In May of 1941, my fifteen year-old maternal grandfather returned to the United States, the land of his birth, to earn money to send to his family in Japan. Seven months later, the country of his birth and the country he called home entered into a terrible war, preventing my grandfather from reuniting with his family for twenty years. Both my grandparents, as U.S. citizens of Japanese descent, were rounded up and imprisoned in camps for the duration of the war and left to start their lives from scratch when they got out. They found each other, got married, began sharecropping in California – growing strawberries to sell at a roadside stand – and went on to raise a large loving family with five children and seven grandchildren.
Growing up, my cousins juxtaposed this story of adversity and separation with how we saw our grandparents (baa-chan and jii-chan), who enjoyed throwing family parties, supporting local sports, and watching sumo wrestling on TV. Although their ability to overcome this adversity was a point of family pride, how could they possibly not be emotionally devastated by their experiences, and how had they managed to soldier on? My baa-chan explained to us the concept of “shikata ga nai” – which loosely translates as “it can’t be helped.” Many Japanese Americans during the war took on this attitude of accepting that some things, like having their loyalty questioned and their rights as citizens taken away, were outside of their control. Instead, they focused their work, their energy, and their love on the things that they could control.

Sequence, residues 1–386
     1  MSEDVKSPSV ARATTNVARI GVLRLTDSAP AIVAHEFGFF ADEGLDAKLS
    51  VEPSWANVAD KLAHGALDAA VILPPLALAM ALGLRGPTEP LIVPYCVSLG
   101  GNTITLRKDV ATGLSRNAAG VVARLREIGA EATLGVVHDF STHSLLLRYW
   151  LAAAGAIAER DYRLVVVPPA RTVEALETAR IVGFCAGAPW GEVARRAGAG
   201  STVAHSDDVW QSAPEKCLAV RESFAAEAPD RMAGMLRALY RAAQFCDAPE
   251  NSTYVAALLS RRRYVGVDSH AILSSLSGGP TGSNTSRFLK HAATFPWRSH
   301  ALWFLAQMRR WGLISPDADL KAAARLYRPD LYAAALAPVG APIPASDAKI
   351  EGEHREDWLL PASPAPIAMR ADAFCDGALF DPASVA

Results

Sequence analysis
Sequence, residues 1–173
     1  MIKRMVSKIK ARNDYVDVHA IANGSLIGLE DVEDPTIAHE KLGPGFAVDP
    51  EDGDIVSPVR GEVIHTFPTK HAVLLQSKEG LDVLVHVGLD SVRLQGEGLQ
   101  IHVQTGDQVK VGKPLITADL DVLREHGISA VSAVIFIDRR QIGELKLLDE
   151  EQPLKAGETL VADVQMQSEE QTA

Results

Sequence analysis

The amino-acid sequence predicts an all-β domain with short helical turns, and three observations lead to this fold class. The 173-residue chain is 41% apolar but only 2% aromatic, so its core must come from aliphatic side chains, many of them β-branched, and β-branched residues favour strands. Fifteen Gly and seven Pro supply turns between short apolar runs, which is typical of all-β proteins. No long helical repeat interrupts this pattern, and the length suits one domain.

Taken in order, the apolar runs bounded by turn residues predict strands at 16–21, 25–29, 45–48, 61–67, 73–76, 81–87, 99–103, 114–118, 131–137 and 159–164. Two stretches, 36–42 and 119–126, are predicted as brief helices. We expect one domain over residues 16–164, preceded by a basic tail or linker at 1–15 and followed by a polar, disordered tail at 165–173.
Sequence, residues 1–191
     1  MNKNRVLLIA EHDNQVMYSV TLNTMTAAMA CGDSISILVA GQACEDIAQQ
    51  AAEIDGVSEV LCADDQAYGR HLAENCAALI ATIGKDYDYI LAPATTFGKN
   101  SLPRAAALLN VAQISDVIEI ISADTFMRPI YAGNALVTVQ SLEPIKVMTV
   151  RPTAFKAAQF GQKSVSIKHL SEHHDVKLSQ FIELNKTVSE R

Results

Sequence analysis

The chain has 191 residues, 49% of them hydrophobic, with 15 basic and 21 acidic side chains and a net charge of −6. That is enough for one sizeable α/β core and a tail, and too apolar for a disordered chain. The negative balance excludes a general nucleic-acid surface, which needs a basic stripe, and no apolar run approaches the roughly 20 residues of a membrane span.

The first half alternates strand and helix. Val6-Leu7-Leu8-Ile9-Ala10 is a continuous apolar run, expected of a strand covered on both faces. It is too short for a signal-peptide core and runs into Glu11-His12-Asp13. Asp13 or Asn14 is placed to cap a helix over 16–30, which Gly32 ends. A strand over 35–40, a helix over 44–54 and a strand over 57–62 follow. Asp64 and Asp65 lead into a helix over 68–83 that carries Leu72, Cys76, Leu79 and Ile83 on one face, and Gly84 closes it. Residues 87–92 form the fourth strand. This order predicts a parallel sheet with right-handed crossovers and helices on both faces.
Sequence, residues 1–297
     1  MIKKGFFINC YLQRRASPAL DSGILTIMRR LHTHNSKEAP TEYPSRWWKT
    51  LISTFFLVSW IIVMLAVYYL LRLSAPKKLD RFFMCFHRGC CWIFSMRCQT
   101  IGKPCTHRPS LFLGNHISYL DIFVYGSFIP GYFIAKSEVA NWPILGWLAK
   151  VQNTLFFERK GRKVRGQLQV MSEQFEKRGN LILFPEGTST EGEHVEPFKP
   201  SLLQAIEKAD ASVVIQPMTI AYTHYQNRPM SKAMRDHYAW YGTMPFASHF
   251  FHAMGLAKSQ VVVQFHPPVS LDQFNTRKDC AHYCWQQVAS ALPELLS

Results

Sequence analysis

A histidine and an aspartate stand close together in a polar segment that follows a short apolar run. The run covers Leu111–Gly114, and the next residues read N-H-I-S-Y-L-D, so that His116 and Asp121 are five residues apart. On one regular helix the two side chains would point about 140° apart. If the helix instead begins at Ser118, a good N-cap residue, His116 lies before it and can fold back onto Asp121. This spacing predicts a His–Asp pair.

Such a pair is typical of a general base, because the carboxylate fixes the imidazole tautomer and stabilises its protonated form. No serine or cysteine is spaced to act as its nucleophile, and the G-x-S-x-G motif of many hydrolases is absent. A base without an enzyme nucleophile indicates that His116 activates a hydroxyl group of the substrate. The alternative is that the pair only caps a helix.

I thought a lot about this phrase as I worked as a consular officer to assist U.S. citizens in Spain at the outset of the pandemic last March. Overnight our phone lines and inboxes were flooded with desperate calls for help from citizens trying to make sense of border closures, lockdowns, flight cancellations, and forced separations from family. I drew upon the shikata ga nai part of my Japanese American heritage to come to terms with the fact that the COVID-19 pandemic, Spain’s police-enforced lockdown, and canceled visits with my parents were all out of my control, allowing me to focus my energy on assisting my fellow citizens.
My heritage has not always made my work as a diplomat easier. As a multiracial Black and Japanese American, I don’t look like what a lot of my interlocutors expect me to look like. While working as an economic officer in Burundi, children would point and shout “chinois” (Chinese) and “nihao” (hello) at me, and some local officials I met with would directly ask if I, a representative from the U.S. embassy, was American or not. It sounds ridiculous, but this kind of thing happens in the United States too. Many Asian Americans have had the experience of their fellow citizens questioning their nationality, their loyalty, or their identity.
The beauty of shikata ga nai is not in acquiescing to what you can’t control, but in focusing on what you can control. Pushing back on discriminatory treatment of people based on their heritage is in my control in a way that it was not for my grandparents. I have been proud to help increase the diversity of the State Department, adding different policy perspectives based on my background, and also shaping what people at home and abroad think America looks like.
About the Author: Bryan Kenji Schell is currently serving as Staff Assistant for the Special Envoy for the Horn of Africa at the U.S. Department of State. His previous assignments include the Bureau of African Affairs, U.S. Consulate General Barcelona, and U.S. Embassy Bujumbura.